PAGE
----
June 15, 2024

Fashion Design

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Generative AI in Fashion Design Complicates Trademark Ownership

4 min read

Emerging technologies are weaving their way through the fashion industry. Whether it’s offering unique fashion pieces through nonfungible tokens such as Dolce & Gabbana’s Collezione Genesi NFT or Metaverse Fashion Week 2023, fashion creatives are embracing the opportunity to engage with cutting-edge technologies.

Generative artificial intelligence is expected to add up to $275 billion to the apparel, fashion, and luxury sectors’ operating profits in the next few years. Technology in the fashion space can be used to enhance sustainability and creativity, tailor products to consumer preferences, predict trends, and minimize barriers to entry into the fashion industry.

Recent lawsuits against generative AI companies have largely implicated copyright concerns. The flood of cases is likely to be challenged by trademark owners whose concerns could be at the forefront.

Legal Landscape

Generative AI in fashion design poses novel and significant issues for trademark owners. For example, an AI tool called the New Black helps fashion designers create brand names, slogans, bags, and among other things. If tools like this can generate, within seconds, a design that resembles an existing trademark, how does the trademark owner seek redress?

In Getty Images (US) v. Stability AI, plaintiff Getty Images asserts trademark claims against Stability AI, alleging that output generated by Stability AI’s Stable Diffusion model contains “a modified version of a Getty Images watermark, creating confusion as to the source of the images and falsely implying an association with Getty Images.”

To be liable for infringement, the accused must use the infringing trademark “in connection with the sale, offering for sale, distribution or advertising of any goods or services,” known as commercial use. The commercial use must be “likely to cause confusion, or to cause mistake, or to deceive” consumers as to the source of the infringing mark.

Does output by a generative AI model constitute commercial use? And is output by a generative AI model likely to cause consumer confusion as to source?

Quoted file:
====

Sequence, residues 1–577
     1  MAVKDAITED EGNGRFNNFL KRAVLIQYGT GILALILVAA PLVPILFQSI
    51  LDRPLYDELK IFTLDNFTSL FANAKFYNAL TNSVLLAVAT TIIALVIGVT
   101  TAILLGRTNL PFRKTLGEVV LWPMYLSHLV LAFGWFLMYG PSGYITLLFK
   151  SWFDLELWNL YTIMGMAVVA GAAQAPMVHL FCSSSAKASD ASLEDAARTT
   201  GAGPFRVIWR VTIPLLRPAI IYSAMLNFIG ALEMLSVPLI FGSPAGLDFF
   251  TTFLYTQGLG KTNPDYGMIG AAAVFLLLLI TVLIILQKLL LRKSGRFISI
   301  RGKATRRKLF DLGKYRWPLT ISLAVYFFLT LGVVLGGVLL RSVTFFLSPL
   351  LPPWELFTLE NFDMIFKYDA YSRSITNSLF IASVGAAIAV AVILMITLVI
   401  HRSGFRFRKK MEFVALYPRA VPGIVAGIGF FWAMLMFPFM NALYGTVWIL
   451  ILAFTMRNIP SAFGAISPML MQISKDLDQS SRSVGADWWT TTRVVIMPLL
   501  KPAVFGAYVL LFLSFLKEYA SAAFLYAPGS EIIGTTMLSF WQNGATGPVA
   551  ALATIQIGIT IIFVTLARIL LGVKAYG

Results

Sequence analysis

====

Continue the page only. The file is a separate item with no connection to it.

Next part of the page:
Fashioning the Future

The answers to questions surrounding use of generative AI in the fashion industry largely depend on how courts will interpret trademark infringement as applied to these novel technologies.

A fashion designer who uses generative AI to produce and commercialize products that infringe existing trademarks could be held liable under a direct infringement theory. The trademark owner would have to show ownership of a valid trademark and a likelihood of confusion resulting from a defendant’s alleged infringing use.

Under existing law, a generative AI company may itself evade accountability under a direct infringement theory for merely generating the potentially infringing output. This is because the trademark owner likely can’t show the commercial use requirement as to the generative AI company.

In this scenario, the generative AI company provides a platform that a third party uses to create and use an infringing mark, but doesn’t itself use the infringing mark. A generative AI company could be held liable under an indirect theory of trademark infringement.

To establish contributory liability, a plaintiff must show the defendant either “intentionally induce[d] another to infringe” his or her trademark or “continue[d] to supply its product to one whom it knows or ha[d] reason to know [was] engaging in trademark infringement.”

Where the defendant provides a service rather than a product, a plaintiff also must establish that the defendant had “[d]irect control and monitoring of the instrumentality used by a third party to infringe.”

Plaintiffs may argue that the generative AI company has direct control over the tool used by the designer to create the infringing design and/or mark, and therefore is contributorily liable for the resulting direct trademark infringement. However, plaintiffs may face a hurdle with showing the requisite knowledge by the generative AI company that the tool is being used to infringe on another’s trademark.

Many generative AI companies have affirmatively implemented safeguards to address concerns related to intellectual property infringement. For example, when we prompted to create a trademark for a shoe company similar to Nike’s “Swoosh” logo, ChatGPT responded:

“I can provide guidance for creating a unique and original trademark, but I can’t create one that is intentionally similar to an existing trademark like the Nike Swoosh logo. It’s crucial to respect intellectual property rights and avoid infringing on existing trademarks. Creating a trademark that resembles another company’s trademark too closely can lead to legal issues.”

Given that direct infringement liability may be inapplicable to a generative AI company, and indirect infringement liability may be difficult to prove, courts and lawmakers will need to adapt existing legal frameworks to address the unique challenges AI technology poses.

This article does not necessarily reflect the opinion of Bloomberg Industry Group, Inc., the publisher of Bloomberg Law and Bloomberg Tax, or its owners.

Author Information

Alesha Dominique is an intellectual property brands partner at Norton Rose Fulbright.

Ani Galoyan is an intellectual property brands associate at Norton Rose Fulbright.

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